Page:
Additionally, Connecticut's anti-discrimination laws apply to short-term rentals, prohibiting discrimination based on protected classes such as race, color, national origin, sex, and religion. The Connecticut Commission on Human Rights and Opportunities (CHRO) enforces these protections.

Some Connecticut municipalities, like Norwich, have already enacted local ordinances regulating short-term rentals in response to community concerns. As the state considers a more comprehensive approach, Old Lyme hosts should stay informed about potential changes to state-wide policies and be prepared to adapt their operations accordingly.

Does Old Lyme Strictly Enforce STR Rules?

Old Lyme, like many Connecticut towns, is navigating the balance between supporting short-term rentals and addressing community concerns. While Old Lyme has regulations in place for short-term rentals, the level of enforcement appears to be moderate compared to some other cities.

According to discussions on the BiggerPockets forum, investors have found success with short-term rentals in Old Lyme, particularly with properties near the beach. One user noted that their contacts have houses in Old Lyme that are "booked solid for 4-5 months out of the year."

This suggests that despite the regulations, short-term rental operators are able to run profitable businesses in Old Lyme. The town's proximity to the beach and other attractions makes it an appealing destination for short-term rental guests.

However, Old Lyme has taken steps to address issues related to short-term rentals. In 2020, the town received complaints about parking violations and noise disturbances at an Airbnb property, prompting the Planning and Zoning Commission to form a working group to draft a specific short-term rental ordinance.

While this indicates that Old Lyme is willing to enforce its rules when necessary, the town appears to be taking a measured approach, seeking to develop fair and effective regulations rather than imposing overly restrictive policies.

Overall, Old Lyme can be considered moderately Airbnb-friendly compared to other Connecticut cities. While the town has regulations in place, hosts are able to operate successfully, particularly in desirable locations like beachfront properties. As long as short-term rental operators comply with the town's rules and are responsive to community concerns, they can likely continue to thrive in Old Lyme.

How to Start a Short-Term Rental Business in Old Lyme

If you're considering starting a short-term rental business in Old Lyme, follow these steps to ensure compliance with local regulations and set yourself up for success:

  1. Research Old Lyme's zoning regulations: Review the town's zoning code to determine if your property is eligible for short-term rental use. Old Lyme's regulations define a "Bed and Breakfast" as a single-family dwelling that rents up to four rooms to transients on a short-term basis. Properties with more than four but no more than 40 rooms are classified as "Inns." Ensure your property meets the applicable criteria.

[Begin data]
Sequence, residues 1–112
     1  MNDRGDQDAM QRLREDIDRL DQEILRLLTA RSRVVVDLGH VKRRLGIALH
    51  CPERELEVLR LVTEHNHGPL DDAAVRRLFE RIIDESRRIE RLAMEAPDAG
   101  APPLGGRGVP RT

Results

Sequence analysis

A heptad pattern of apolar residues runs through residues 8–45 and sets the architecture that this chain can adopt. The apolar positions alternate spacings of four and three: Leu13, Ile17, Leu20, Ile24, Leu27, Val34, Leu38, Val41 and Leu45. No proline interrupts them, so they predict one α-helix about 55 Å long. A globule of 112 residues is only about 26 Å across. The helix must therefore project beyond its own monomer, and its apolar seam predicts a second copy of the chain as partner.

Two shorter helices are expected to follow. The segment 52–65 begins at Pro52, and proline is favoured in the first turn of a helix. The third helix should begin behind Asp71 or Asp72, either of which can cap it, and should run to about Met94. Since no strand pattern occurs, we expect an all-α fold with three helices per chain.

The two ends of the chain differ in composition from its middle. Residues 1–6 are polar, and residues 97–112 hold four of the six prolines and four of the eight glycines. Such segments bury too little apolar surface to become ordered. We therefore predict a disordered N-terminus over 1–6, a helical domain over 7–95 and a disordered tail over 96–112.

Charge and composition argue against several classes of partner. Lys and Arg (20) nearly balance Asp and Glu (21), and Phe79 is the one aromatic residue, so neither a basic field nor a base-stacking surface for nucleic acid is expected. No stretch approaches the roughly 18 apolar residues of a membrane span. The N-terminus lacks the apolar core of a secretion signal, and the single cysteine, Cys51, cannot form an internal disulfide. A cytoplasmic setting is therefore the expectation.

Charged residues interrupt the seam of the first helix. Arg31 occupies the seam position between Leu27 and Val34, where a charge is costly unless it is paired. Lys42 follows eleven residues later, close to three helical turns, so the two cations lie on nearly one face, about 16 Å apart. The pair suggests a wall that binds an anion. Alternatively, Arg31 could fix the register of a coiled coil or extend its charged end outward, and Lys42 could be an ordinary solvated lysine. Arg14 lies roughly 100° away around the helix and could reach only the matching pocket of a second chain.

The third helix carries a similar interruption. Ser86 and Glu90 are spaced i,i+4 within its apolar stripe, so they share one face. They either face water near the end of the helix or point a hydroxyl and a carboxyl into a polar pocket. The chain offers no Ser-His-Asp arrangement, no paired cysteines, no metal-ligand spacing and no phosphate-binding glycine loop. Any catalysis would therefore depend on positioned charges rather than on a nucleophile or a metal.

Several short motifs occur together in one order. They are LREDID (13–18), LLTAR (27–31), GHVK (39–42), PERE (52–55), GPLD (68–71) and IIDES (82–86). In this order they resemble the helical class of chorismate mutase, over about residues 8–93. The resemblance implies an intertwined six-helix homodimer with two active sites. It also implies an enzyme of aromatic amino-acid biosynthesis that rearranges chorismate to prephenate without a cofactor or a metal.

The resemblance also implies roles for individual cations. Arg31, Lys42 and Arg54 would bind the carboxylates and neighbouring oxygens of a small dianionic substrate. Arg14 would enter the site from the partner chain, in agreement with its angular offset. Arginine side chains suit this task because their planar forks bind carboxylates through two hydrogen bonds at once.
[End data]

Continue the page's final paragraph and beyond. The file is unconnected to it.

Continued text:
2. Obtain necessary permits: Apply for a zoning permit or special permit from the Old Lyme Zoning Department. Submit a completed application form, floor plan, property layout plan, and other required documents. Pay the applicable permitting fee and await approval from the Zoning Enforcement Officer.
  3. Comply with health and safety requirements: Schedule inspections with the Ledge Light Health District to ensure your rental unit meets local health standards for septic systems and well water. Install and maintain smoke, fire, and carbon monoxide alarms as required by the Fire Marshal's office.
  4. Register for tax purposes: Register your short-term rental business with the Connecticut Department of Revenue Services to obtain a tax registration number. You'll need this to collect and remit the 15% room occupancy tax on stays of up to 30 consecutive days.
  5. Obtain appropriate insurance: Secure liability insurance coverage for your short-term rental property. Some homeowners' policies may not cover damages or incidents related to rental activities, so consider a separate policy or rider specifically for short-term rentals.
  6. Create a compelling listing: Develop an attractive and informative listing for your short-term rental on platforms like Airbnb or VRBO. Highlight your property's unique features, amenities, and proximity to local attractions. Use high-quality photos and detailed descriptions to set your rental apart from the competition.
  7. Establish house rules and guest communication: Set clear expectations for guests by creating house rules that address noise levels, parking, occupancy limits, and other important considerations. Develop a system for communicating with guests before, during, and after their stay to ensure a positive experience and address any issues promptly.
  8. Maintain accurate records: Keep detailed records of your short-term rental income and expenses, including documentation of permits, inspections, and tax filings. This will help you stay organized, comply with regulations, and prepare for tax season.

By following these steps and staying informed about Old Lyme's evolving short-term rental landscape, you can launch a successful and compliant short-term rental business in this charming coastal town.